In today’s episode of The Startup Chat, Steli and Hiten talk about your level of incompetence.
Sometimes, situations arise when you are unable to handle a situation properly. This could be because you don’t have the skill sets to handle that situation or you’re unable to figure out how to handle said situation.
In today’s episode, Steli and Hiten share their thoughts on what being incompetent means, why it’s important to figure out what’s causing you to be incompetent at managing a situation, how to deal with situations you feel incompetent about and much more.
Time Stamped Show Notes:
00:00 About today’s topic.
00:29 Why this topic was chosen.
02:53 The definition of incompetence.
03:30 How you can be incompetent at one thing but competent at other things.
04:30 Why it’s important to figure out what to do when feeling incompetent at something.
06:00 An example of what incompetence can lead to.
07:31 How to deal with situations you feel incompetent about.
08:31 How not knowing how to manage people is a huge level of incompetence.
09:06 Sometimes, what’s causing you to be incompetent at something is not so obvious.
09:32 How to get better at realizing hidden incompetencies.
3 Key Points:
- I’m not incompetent at reading code, I’m incompetent at writing code
- A lot of us have strategies of what to do when we hit that level of incompetence.
- The key is to figure out what’s causing you to be incompetent
Steli Efti: Hey everybody. This is Steli Efti.
Hiten Shah: And, this is Hiten Shah.
Steli Efti: On today’s episode of The Startup Chat, we’re going to talk about your level of incompetence. Here’s why I want to talk about this. The framing of this is really what I want to talk about, which I thought was super interesting. Just recently, I was in a conversation about getting COs on the phone, cold calling, selling to really kind of high-end demand professionals and how difficult that is. One person said something that stood out to me, which was that when you talk to, when you reach … He was saying the people that he’s trying to reach and sell to, he usually does not have a hard time once he gets them on the phone to get their attention and to get time from them. Because he was like, the people that he’s talking to, they’re operating at a level of competence where they have time. He’s like, “If I ever talk to somebody that doesn’t have a few minutes to talk because they’re so quote unquote busy, to me that just means they’re now operating at a level of incompetence that creates busyness for them. Right? That creates stress busyness.” That framing was really interesting. That’s something that I wanted to talk to you a little bit about, which is the idea that whenever things are getting overwhelming, whenever things are getting incredibly stressful, whenever you are quote unquote busy. “I’m so busy right now” or “Things are so busy, I’m so under pressure, have so much stress, there’s so much overwhelming, there’s just too many projects, too much stuff going on.” When things become really, really difficult and friction-full, maybe you just now hit a level of your incompetence. Now you’re operating at a level that’s much higher than what your competence level is, so things are not quite simple and easy for you to do. Now things are overwhelming, difficult, stressful for you to do. Thinking about stressful and busy times as times where you hit a level of incompetence was a way of thinking about it or framing it, especially the incompetence part that I was thought was interesting. I don’t know quite what it is, but there’s something in that topic. There was something in that framing, in that word, that made me go, huh, I want to bring this up to Hiten and see if we can dissect this word and see where it leads us to.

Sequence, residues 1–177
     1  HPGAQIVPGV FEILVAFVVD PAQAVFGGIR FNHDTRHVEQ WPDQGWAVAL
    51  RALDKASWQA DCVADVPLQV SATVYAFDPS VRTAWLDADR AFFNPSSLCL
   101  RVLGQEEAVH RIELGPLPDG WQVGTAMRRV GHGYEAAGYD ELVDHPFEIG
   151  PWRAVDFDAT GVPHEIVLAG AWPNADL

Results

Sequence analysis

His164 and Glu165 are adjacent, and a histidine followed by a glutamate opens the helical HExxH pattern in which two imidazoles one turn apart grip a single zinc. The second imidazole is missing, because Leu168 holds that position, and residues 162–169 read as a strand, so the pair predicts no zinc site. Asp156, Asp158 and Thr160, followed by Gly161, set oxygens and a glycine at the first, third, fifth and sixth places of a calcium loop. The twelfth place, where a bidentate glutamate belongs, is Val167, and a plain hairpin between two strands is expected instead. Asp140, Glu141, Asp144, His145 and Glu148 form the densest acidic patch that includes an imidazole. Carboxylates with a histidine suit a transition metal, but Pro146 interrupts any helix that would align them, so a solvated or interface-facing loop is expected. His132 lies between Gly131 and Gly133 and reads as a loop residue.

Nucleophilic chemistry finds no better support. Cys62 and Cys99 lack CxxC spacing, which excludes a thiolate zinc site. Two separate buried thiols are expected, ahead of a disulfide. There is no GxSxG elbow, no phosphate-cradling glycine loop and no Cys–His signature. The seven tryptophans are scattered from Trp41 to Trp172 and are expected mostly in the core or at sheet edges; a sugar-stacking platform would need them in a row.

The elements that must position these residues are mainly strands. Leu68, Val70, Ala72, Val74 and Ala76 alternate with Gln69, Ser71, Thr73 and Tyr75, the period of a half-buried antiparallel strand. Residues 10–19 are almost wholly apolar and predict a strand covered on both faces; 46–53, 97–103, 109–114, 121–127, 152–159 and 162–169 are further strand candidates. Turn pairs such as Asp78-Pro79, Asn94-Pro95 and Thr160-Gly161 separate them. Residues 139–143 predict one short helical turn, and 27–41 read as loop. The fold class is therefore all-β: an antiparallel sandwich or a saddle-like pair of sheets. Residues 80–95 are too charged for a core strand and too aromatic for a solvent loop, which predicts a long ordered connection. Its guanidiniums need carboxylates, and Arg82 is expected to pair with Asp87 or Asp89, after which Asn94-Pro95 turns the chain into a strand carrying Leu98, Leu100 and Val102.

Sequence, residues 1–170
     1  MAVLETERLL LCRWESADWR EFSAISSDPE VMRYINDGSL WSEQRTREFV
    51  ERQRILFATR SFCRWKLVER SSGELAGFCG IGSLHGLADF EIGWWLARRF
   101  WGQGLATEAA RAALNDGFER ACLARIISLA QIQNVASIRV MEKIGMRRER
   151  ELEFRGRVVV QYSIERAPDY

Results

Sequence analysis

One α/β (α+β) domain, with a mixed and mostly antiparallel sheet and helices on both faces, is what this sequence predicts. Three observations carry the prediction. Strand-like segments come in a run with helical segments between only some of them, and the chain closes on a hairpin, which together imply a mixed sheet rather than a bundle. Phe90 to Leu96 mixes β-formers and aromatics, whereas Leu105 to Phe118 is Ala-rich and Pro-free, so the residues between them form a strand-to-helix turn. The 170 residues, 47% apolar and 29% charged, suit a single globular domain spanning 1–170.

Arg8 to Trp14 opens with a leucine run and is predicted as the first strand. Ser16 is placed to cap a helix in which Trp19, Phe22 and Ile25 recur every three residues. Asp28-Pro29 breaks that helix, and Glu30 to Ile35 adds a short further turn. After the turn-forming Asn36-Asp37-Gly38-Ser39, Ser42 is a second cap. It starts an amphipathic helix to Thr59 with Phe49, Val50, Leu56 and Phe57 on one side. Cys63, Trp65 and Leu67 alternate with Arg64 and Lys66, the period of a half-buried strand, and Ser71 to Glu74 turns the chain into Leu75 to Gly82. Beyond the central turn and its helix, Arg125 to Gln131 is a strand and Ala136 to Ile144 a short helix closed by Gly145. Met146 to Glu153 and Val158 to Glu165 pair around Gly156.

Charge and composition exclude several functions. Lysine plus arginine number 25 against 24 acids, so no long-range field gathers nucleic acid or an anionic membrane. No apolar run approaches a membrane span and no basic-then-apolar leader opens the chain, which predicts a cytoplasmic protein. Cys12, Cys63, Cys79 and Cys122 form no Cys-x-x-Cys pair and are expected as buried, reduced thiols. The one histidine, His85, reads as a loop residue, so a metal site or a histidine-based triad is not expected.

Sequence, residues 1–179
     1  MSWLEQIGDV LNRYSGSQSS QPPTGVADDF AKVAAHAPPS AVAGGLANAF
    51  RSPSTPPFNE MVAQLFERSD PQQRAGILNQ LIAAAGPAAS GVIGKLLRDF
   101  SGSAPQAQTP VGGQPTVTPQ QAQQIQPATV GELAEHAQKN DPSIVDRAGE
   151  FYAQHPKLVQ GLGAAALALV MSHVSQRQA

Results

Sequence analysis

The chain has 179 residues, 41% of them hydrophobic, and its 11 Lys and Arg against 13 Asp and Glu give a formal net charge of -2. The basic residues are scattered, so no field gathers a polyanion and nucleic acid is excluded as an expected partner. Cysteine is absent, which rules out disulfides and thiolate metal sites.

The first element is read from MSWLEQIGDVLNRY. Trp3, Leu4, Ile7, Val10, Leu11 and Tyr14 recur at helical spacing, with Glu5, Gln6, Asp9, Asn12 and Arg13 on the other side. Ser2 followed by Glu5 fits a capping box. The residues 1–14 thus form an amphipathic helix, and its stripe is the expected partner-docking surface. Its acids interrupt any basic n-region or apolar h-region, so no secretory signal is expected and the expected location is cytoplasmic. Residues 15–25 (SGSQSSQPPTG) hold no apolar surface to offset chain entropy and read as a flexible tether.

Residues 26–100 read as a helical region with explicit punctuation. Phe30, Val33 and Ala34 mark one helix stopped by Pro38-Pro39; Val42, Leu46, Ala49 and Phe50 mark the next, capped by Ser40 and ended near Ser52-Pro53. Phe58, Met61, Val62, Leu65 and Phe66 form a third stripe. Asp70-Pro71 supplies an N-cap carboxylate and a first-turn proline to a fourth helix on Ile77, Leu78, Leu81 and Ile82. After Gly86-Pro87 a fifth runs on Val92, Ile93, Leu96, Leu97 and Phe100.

Hiten Shah: Yeah, incompetence and hitting a point of incompetence is kind of really interesting. I just looked it up. It means inability to do something successfully. It’s pretty broad and kind of vague. Incompetence, I think another way to say that is, sometimes I would say, “Oh, that’s above my pay grade.” Just jokingly because it’s something I don’t want to deal with or something that I don’t know anything about. Or I would say, “That’s too deep for me. That’s like in the weeds.” So for example, if you try to get me to write a line of code, I’m sure this is the case for you, that would be too deep right? Like my incompetence would show up because I wouldn’t know what to do. I’d start writing words. So that’s a good extreme example. If either of us tried to write some code right now, we wouldn’t know what to do. Now, here’s the funny thing. I’m not sure about you, but I’m not incompetent at reading code. I’m incompetent at writing code. So, and that might sound super weird, but I think most code is logical. I might not know what is going on, but I can read it and manipulate it if I need to go [inaudible] copy on a page. You know? I just dig around the code and find a copy. So I think I’m compensating for my incompetence by just brute force, which is just like, figure it out regardless of knowing anything about it. And a lot of us have strategies of what to do when we feel like we hit that level of incompetence. So, I think the worthy part of this is when you hit that level like, I don’t know what to do. I’m unable to do anything. This is out of my depth or above my pay grade or it’s too deep for me. I think what’s important is what do you do when you feel like that? How do you get past that? That’s kind of important. I mean that’s the part that’s most interesting.
Steli Efti: I love that. There’s actually two parts. One is what you just said, which is yes, when you hit that, when you realize that, hey, I’m working on something or I’m involved in something or I’m responsible for something that I don’t have competence in, what is your response? What are your coping mechanisms? How do you deal? Do you run and hid away from it, and try to avoid it? Do you try to distract yourself from that fact? Do you try to overcompensate by pretending, just like, I know what I’m doing, this is all easy, I’m going to get this done. I don’t know if you watched the Fyre documentary on Hulu or Netflix? For those that might have not watched it, I highly recommend it. Have you watched it?